You probably got here while searching something like
how to remove webroot. Perhaps you noticed it popping up in security dialogs.
When Webroot is running on a Mac, it calls itself WSDaemon.
What is Webroot?
Webroot is anti-virus software. It is quite popular with large companies since it installs onto multiple platforms and provides tools to help manage a collection of machines from a central location.
Webroot is slowing down my computer
There’s something wrong with Webroot on MacOS, and that’s probably why you’re here.
The webroot daemon is sucking your CPU and slowing down your computer. You’re slower in work. You look like an idiot. All you want to do is remove Webroot, but for some reason that’s difficult.
Webroot High CPU usage
In my experience, Webroot hogs CPU constantly and runs down the battery. I’m not sure what it’s doing, but it sure uses a lot of CPU.
There are plenty of threads elsewhere on the internet, lots of people have this problem.
There have been speculations on forum threads that the issue may be related to Webroot’s web protection running along side Google Chrome.
If you open Activity Monitor and you find that a process called WSDaemon (Webroot) is constantly using a large percentage of your CPU, you might want to get rid of it, like I did.
Oh no, Webroot won’t uninstall.
Figuring out how to actually remove Webroot is not that easy. You click the little icon – go to the control panel – no uninstall option.
Perhaps the Webroot on your machine was installed by your company’s IT team. It may not give you the option to uninstall. You might have to write an email to your IT team to get it done. They might not want you to remove it in case it makes them look bad.
If you can’t get you’re work done, you might want to plow ahead and remove it anyway.
Is it even legal to remove the anti-virus, if this isn’t your computer? Only God knows.
Looking for a workaround, you might try to uninstall Webroot by booting into safe mode and dragging the application into the trash. That’s what the support articles recommend.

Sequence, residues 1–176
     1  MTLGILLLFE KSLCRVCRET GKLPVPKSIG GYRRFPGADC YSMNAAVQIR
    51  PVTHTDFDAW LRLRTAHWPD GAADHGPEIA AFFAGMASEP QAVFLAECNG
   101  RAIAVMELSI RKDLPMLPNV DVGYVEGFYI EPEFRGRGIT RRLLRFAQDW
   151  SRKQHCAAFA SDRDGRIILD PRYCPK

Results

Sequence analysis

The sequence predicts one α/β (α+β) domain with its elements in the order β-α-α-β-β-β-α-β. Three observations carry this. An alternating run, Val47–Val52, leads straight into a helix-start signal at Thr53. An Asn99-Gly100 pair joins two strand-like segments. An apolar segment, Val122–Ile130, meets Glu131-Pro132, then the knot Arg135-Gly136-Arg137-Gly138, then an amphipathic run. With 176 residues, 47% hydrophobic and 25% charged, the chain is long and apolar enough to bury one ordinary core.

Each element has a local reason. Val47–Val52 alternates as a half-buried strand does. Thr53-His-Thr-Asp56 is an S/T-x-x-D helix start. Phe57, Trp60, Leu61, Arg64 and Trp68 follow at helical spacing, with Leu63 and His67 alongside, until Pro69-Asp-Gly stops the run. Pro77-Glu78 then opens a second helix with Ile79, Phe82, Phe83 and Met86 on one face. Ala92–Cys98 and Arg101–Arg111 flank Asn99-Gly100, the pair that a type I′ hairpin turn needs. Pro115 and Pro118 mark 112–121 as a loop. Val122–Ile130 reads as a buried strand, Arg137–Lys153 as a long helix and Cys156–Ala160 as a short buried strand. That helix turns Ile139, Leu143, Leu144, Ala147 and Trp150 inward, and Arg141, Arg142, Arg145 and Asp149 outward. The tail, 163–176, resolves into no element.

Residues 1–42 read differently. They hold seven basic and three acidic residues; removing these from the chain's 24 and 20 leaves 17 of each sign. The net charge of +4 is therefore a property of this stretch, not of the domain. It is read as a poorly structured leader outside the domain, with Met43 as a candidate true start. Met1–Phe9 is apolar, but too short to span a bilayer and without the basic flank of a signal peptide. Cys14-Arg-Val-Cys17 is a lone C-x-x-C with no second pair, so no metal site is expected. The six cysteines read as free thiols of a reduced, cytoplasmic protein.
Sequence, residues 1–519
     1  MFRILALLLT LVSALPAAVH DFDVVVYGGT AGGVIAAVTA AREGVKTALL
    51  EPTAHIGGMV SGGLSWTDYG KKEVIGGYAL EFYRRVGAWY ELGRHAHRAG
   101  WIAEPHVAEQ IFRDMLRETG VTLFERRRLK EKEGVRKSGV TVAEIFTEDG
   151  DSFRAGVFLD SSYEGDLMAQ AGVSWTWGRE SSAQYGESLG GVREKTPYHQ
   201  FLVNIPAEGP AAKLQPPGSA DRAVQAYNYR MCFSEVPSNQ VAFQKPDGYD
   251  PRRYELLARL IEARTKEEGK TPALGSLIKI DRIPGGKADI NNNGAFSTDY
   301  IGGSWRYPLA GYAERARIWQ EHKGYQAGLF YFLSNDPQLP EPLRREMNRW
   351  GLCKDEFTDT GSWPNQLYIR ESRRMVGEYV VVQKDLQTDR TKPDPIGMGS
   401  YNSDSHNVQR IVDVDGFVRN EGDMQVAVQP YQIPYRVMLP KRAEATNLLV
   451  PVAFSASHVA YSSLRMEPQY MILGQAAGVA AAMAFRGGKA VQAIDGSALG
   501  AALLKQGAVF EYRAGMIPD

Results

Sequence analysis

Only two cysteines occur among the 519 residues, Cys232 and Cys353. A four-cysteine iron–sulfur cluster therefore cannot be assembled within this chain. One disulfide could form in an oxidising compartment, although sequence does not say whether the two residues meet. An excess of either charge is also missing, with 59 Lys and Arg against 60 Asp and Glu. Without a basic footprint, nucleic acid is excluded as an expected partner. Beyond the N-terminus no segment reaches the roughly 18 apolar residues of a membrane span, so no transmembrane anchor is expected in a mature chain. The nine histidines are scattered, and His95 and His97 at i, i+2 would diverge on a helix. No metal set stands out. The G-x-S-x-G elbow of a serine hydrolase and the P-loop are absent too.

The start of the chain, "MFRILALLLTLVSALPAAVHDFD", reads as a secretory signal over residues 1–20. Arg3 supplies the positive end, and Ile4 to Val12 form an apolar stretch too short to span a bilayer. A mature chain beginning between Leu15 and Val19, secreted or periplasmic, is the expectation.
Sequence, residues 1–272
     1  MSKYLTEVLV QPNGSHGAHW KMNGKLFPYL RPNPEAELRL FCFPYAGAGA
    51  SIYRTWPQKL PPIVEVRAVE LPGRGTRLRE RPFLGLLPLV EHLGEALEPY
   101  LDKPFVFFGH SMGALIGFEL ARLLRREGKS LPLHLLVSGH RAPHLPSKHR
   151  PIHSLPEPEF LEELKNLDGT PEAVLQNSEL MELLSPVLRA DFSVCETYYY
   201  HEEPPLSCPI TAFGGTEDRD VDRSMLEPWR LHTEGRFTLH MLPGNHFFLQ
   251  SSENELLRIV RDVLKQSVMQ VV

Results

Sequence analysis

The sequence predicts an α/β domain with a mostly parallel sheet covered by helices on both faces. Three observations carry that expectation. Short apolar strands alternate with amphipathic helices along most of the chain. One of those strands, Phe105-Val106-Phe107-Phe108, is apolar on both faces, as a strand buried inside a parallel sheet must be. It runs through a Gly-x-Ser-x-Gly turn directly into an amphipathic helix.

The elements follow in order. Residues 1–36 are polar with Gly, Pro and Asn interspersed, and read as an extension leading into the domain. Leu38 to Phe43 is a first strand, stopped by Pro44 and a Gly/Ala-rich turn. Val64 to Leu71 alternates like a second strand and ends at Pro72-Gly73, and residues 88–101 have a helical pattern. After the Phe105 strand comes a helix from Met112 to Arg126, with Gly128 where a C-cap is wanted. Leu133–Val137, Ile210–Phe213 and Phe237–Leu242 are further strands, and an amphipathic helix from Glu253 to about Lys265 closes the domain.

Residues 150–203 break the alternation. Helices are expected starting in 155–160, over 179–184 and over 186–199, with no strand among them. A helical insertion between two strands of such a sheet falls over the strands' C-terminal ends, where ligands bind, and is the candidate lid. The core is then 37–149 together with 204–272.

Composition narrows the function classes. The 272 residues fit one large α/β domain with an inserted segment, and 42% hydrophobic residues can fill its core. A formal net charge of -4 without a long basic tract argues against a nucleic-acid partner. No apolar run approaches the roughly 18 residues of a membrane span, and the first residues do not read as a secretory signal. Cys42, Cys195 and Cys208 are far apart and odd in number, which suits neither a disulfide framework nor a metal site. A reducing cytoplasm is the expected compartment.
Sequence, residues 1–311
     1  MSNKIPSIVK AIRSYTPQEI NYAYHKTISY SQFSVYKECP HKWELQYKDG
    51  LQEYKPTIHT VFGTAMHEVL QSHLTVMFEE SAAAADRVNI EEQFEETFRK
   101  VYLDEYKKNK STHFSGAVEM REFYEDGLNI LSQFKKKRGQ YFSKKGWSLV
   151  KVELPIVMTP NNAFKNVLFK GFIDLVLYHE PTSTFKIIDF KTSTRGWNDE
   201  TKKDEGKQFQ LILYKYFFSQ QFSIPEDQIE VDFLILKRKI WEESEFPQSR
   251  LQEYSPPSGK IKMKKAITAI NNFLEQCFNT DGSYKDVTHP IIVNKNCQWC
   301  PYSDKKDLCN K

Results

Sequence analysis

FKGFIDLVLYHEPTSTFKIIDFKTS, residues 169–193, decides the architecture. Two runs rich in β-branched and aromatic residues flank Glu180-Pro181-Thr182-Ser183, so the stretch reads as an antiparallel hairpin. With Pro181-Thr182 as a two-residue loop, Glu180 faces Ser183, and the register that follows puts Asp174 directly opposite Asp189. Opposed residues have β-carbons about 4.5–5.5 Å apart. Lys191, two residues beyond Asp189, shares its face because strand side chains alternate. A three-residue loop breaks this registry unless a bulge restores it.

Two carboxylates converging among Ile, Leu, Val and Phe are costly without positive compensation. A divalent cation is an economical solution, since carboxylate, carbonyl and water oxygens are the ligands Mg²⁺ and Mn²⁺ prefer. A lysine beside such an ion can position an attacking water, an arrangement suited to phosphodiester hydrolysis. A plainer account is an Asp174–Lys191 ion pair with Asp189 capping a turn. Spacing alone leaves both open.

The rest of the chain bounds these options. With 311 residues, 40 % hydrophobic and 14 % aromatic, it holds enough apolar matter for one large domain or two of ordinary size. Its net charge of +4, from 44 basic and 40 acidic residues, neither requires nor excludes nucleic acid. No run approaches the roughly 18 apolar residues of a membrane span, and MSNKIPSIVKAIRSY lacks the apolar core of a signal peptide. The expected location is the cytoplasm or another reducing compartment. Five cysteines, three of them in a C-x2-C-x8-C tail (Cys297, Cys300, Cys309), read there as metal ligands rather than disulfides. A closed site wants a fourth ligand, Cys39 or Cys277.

On this Mac however, WSDaemon resurrected itself afterwards and got back to its old habits of burning up CPU cycles and refusing to die.
It’s frustrating to work on a laggy machine, and there are plenty of Google suggestions like
webroot won't uninstall mac in the search results.
How to uninstall Webroot on a Mac
Good news : I found the command line uninstallation commands.
If you’re ready to completely remove Webroot SecureAnywhere from your Mac, paste the following commands into Terminal, which is a command line interface built into MacOS.
These came from an email that Webroot themselves sent to a user who was facing the same issue.
You can copy and paste them into terminal all at once, you don’t need to run them line by line.
launchctl unload /Library/LaunchDaemons/com.webroot.security.mac.plist kextunload /Library/Extensions/SecureAnywhere.kext kextunload /System/Library/Extensions/SecureAnywhere.kext rm /usr/local/bin/WSDaemon rm /usr/local/bin/WFDaemon killall -9 WSDaemon killall -9 WFDaemon killall -9 "Webroot SecureAnywhere" rm -rf /Library/Extensions/SecureAnywhere.kext rm -rf /System/Library/Extensions/SecureAnywhere.kext rm -rf "/Applications/Webroot SecureAnywhere.app" rm /Library/LaunchAgents/com.webroot.WRMacApp.plistSudo rm /Library/LaunchDaemons/com.webroot.security.mac.plist rm ~/Library/Preferences/com.webroot.WSA.plist rm ~/Library/Preferences/com.webroot.Webroot-SecureAnywhere.plist rm -rf ~/Library/Application\ Support/Webroot rm -rf /Library/Application\ Support/Webroot
If you see some permission denied errors, you might need to use
sudo su before you try those commands.
Slaying the daemon
Once those commands have run, hopefully you have permanently killed the Webroot daemon and gotten your Mac back on track. Expect to see improvements to responsiveness, battery life and enjoy a quieter fan.
Unsolicited advice section
Ok, now for the unsolicited advice section. I’m not a security expert, just a developer, and I don’t work on security.
Do you need an anti-virus for MacOS?
I have no idea.
It depends on what you are doing, and who you work with – but for most users, the default MacOS security should keep you safe most of the time.
When Malware causes a disaster
It is understandable that many organisations are happy to allocate a budget to “anti-virus” software.
In 2018, a virus called WannaCry hit the computer system of the NHS (National Health Service) in the UK. It inflicted £92 million in damages.
In this case, however the NHS was running Windows XP.
There has been no similar disaster affecting MacOS.
In my opinion, if all you do is browse Facebook all day, you probably don’t need to pay for anti virus software. Just keep your OS and all of your software up to date.
If you are working in a very sensitive environment, you need to be very careful, no matter what anti-virus package you have installed.